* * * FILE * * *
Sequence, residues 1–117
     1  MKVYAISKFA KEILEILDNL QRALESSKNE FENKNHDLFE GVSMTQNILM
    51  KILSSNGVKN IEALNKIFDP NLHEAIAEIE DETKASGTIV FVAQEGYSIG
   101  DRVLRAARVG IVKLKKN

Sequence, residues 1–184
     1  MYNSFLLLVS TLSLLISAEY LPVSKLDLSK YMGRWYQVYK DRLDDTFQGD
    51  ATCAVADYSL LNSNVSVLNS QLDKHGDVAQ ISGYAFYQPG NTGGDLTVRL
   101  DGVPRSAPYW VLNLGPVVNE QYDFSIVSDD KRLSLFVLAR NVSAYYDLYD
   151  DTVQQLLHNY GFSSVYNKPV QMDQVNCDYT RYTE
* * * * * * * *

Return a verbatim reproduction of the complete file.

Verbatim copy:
Sequence, residues 1–117
     1  MKVYAISKFA KEILEILDNL QRALESSKNE FENKNHDLFE GVSMTQNILM
    51  KILSSNGVKN IEALNKIFDP NLHEAIAEIE DETKASGTIV FVAQEGYSIG
   101  DRVLRAARVG IVKLKKN

Sequence, residues 1–184
     1  MYNSFLLLVS TLSLLISAEY LPVSKLDLSK YMGRWYQVYK DRLDDTFQGD
    51  ATCAVADYSL LNSNVSVLNS QLDKHGDVAQ ISGYAFYQPG NTGGDLTVRL
   101  DGVPRSAPYW VLNLGPVVNE QYDFSIVSDD KRLSLFVLAR NVSAYYDLYD
   151  DTVQQLLHNY GFSSVYNKPV QMDQVNCDYT RYTE